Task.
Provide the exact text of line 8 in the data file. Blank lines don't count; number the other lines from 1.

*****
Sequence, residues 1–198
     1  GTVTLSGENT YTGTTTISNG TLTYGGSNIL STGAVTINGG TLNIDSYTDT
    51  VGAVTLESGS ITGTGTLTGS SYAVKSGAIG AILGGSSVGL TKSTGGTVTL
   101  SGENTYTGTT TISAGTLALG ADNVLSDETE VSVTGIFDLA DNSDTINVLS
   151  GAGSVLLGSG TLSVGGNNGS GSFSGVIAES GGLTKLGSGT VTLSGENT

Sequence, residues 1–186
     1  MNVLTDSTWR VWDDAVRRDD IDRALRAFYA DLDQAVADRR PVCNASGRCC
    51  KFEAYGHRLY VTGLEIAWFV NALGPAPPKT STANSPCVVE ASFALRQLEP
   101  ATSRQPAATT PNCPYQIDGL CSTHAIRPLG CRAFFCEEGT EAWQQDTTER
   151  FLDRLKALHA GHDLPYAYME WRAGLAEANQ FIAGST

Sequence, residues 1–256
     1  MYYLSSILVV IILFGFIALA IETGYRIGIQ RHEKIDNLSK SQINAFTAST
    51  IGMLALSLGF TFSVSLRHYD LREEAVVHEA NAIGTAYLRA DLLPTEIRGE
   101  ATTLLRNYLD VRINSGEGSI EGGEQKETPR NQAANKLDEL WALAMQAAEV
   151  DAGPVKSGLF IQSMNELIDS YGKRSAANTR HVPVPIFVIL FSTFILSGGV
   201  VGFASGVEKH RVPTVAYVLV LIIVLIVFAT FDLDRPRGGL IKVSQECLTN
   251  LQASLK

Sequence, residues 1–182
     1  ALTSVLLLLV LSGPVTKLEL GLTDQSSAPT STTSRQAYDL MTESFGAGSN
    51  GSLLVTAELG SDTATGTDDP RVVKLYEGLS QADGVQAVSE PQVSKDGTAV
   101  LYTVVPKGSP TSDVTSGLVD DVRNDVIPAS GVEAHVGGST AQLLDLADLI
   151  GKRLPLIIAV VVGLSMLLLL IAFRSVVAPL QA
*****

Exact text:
    51  KFEAYGHRLY VTGLEIAWFV NALGPAPPKT STANSPCVVE ASFALRQLEP